The sizable up-front cost of solar has long been a challenging hurdle. So has rooftop siting — roofs are often shaded, in the wrong orientation, not owned by the people who live there, or otherwise unable to host a solar system. What if we could overcome both of these obstacles with one solution — one local solution?
A Colorado credit union and solar company may have figured this out.
Shared solar has been growing in popularity, largely because of its novel approach to solving the challenge of rooftop siting. Shared solar allows potential subscribers to participate in a common, shared system and, in return, receive credit on their energy bills for their share of generation. Colorado-based Clean Energy Collective (CEC) has been a pioneer in this field. I recently reached out to Tom Sweeney, the company’s chief operating officer, to find out more about their approach to that other big challenge: customer financing.
Mr. Sweeney said that when they were first thinking about financing options for their customers, he had contacted several traditional lenders and solar lenders that typically engage in solar leasing models. Neither was all that interested in creating a lending solution for shared solar, however. And neither really fit well with CEC’s business model.
This was somewhat surprising because shared solar represents an excellent proposition for lenders — a large potential customer base that typically has a very high repayment rate. “The social consciousness that comes with solar represents the integrity of customers, and on-bill savings helps them repay their loans,” said Sweeney.
Boulder Cowdery Meadows Solar Array in Boulder, Colorado
Courtesy Tian Tower, Clean Energy Collective
Enter Sooper Credit Union.
Dan Kester, is president and CEO of Sooper Credit Union, which was originally established to serve the employees of King Sooper’s grocery chain. It later merged with several other credit unions to serve members in four western states: CO, WY, UT and NM. When he and Tom Sweeney started talking about credit unions and shared solar, well, it was one of those light bulb moments.
According to the Credit Union National Association, “credit unions exist to help people, not make a profit.” Credit unions have a reputation as being more flexible than traditional banks, offering aggressive rates, and being more customer-friendly. The credit union culture seemed like a natural fit for shared solar loans.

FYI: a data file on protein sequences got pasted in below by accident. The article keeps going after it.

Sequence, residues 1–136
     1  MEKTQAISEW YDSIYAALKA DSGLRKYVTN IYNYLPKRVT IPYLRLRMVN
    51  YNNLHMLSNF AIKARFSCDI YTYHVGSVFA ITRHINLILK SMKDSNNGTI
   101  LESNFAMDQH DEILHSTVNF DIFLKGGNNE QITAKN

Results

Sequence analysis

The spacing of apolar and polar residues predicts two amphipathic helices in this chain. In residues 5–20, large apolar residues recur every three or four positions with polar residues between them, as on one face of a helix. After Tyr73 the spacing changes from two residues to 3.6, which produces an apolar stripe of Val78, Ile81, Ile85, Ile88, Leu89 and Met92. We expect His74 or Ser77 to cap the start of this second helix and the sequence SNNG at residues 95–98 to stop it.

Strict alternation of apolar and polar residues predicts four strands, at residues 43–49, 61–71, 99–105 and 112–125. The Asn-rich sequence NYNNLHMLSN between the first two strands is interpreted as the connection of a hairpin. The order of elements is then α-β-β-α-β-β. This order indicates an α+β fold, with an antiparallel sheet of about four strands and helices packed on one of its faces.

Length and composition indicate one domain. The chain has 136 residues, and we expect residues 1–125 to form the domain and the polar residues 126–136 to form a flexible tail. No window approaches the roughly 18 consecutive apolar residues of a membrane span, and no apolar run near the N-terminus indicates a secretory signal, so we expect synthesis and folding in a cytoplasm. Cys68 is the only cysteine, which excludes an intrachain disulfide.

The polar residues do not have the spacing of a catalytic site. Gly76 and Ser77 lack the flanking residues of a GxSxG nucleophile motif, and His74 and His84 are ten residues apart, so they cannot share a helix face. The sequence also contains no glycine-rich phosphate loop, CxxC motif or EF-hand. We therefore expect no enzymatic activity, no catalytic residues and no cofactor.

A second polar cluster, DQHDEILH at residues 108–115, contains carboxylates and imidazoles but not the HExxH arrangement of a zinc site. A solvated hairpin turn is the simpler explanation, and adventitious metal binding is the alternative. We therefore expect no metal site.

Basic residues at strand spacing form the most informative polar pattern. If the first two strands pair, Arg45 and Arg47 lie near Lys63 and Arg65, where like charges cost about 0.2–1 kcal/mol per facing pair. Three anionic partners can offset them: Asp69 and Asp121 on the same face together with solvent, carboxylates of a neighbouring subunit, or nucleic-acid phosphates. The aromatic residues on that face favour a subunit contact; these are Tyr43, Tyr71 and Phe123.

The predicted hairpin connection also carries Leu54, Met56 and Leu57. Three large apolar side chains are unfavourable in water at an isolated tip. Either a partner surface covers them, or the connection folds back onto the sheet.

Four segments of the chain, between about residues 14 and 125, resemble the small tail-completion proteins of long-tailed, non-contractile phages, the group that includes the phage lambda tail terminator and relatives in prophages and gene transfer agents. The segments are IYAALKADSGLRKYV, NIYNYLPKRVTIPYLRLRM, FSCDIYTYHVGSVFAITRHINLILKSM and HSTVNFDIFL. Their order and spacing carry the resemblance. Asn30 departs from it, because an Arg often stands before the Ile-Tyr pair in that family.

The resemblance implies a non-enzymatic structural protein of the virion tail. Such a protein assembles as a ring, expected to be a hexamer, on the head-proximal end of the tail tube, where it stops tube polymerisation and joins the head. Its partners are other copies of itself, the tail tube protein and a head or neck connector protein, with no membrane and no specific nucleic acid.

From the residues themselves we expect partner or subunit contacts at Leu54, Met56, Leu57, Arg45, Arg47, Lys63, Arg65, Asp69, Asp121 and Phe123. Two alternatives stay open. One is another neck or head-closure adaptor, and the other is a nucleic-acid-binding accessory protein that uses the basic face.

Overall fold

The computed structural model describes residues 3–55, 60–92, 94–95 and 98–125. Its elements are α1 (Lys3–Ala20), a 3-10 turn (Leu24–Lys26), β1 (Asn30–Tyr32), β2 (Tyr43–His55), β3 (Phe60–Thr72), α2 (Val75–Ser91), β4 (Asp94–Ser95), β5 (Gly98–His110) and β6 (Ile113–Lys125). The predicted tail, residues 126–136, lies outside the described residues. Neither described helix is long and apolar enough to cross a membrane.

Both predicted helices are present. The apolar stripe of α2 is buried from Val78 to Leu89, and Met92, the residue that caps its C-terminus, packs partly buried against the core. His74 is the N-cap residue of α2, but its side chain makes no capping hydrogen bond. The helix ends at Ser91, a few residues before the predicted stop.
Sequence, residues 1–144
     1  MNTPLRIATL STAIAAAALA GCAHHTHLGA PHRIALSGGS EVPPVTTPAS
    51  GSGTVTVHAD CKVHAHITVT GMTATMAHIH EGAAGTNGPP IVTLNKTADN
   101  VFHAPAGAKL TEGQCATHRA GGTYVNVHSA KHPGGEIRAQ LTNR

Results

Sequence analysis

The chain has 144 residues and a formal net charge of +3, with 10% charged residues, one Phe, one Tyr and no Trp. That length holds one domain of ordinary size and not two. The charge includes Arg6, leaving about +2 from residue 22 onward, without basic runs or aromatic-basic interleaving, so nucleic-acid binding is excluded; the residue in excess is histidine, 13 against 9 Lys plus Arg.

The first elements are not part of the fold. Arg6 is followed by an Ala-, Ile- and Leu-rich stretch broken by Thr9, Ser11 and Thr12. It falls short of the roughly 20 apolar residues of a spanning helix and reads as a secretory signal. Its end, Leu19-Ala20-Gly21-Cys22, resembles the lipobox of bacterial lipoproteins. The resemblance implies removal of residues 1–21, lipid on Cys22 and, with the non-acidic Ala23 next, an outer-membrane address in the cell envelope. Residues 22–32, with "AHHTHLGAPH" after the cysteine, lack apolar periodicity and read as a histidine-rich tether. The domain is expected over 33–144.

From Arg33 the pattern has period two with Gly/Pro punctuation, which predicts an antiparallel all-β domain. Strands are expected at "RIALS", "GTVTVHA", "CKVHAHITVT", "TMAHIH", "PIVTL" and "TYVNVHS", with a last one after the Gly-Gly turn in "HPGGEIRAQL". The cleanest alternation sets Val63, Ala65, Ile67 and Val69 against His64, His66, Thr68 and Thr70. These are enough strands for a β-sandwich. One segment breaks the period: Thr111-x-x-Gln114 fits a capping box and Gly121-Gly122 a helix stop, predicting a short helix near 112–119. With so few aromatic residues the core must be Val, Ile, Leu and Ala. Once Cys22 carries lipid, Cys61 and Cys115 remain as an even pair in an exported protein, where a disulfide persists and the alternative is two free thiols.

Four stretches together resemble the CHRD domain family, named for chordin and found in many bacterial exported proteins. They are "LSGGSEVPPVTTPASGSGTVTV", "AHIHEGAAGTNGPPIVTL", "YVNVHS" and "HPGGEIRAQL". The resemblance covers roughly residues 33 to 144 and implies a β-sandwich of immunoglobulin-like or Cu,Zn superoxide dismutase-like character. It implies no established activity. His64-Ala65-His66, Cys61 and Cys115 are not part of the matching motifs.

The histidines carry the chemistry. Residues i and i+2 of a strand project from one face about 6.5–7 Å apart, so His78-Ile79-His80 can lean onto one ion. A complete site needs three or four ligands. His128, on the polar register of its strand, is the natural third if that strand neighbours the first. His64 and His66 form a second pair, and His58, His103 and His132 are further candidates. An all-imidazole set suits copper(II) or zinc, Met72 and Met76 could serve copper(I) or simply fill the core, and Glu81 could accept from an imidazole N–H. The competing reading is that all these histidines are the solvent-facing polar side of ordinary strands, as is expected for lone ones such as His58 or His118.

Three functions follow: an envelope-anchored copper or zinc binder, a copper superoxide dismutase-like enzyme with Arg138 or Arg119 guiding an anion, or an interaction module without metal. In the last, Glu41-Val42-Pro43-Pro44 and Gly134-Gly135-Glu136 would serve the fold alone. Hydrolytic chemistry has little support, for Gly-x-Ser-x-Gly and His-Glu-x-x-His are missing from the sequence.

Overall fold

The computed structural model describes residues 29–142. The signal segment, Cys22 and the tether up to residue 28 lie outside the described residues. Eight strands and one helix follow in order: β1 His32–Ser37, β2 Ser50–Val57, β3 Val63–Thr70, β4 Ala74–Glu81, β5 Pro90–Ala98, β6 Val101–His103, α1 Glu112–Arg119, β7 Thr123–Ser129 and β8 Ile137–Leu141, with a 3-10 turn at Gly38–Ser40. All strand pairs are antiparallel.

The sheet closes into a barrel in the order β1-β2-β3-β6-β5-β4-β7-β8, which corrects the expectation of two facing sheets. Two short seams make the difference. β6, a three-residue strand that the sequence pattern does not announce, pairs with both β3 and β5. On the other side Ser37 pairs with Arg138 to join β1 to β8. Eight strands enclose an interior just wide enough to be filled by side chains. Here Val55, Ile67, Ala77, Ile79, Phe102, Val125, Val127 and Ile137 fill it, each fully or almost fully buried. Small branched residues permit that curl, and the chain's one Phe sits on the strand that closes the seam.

With a little planning and a few regulatory filings, Sooper was able to offer several competitive shared solar loan options to CEC customers. These include a 20-year loan, with no money down, no fees, no prepayment penalty and interest rates as low as 6%, fixed for the first 10 years, in addition to shorter-term loans with interest rates as low as 2.25 percent.
I tracked down Dan Kester for his take on the Sooper/CEC shared solar financing partnership. “Sooper is always looking to develop solutions with energetic partners,” he said. He explained how they worked together to develop a financing product that was fair for their customers while being a good investment for the credit union and their membership. “This turned out to be a really good fit for our members and for Sooper.”
Kester explained the difference between the Sooper financing option and traditional “on the roof” solar loans. Traditional solar loans are secured (or collateralized) with a home equity loan against the house on which they're installed. In other words, they are wrapped up in the value of the home, not secured by the panels themselves.
Sooper and CEC developed the first loan of its kind by using the actual panels of the shared solar project to secure the loan. To do that, they submitted a regulatory filing to Uniform Consumer Credit Code in order to secure the shared solar interest. In a traditional loan, the lender would secure the loan through a deed of trust. Kester believed no other bank had ever configured a solar loan this way, although this mechanism is often used for other types of consumer loans. He also noted that CEC partnered with the credit union to provide additional security. The loans have been reviewed by auditors and examiners, who, according to Kester, were very supportive of how they were structured.
When I asked Kester if he thought other credit unions should embark down this path of shared solar financing, he responded with an enthusiastic ‘yes!’ “Credit unions should seize this opportunity to invest in our green future,” he said, “and be recognized as the innovative but responsible lenders that we always have been. These are great, well-secured, strong revenue producing loans.”
As I did further research into credit union financing, I found more examples of credit unions partnering with group solar purchasing programs, such as Alternatives Federal Credit Union, which is working with a Solarize project in New York state. I also found many more that provided “green” loans for various onsite renewable energy and energy efficiency projects, like Puget Sound Cooperative Credit Union. And there are many more examples across the country.
It may be too soon to call this a trend, but based on this initial interest and experience in helping members invest in renewable energy, it seems like credit unions are well suited to take on shared solar financing on a much larger scale. Stay tuned!
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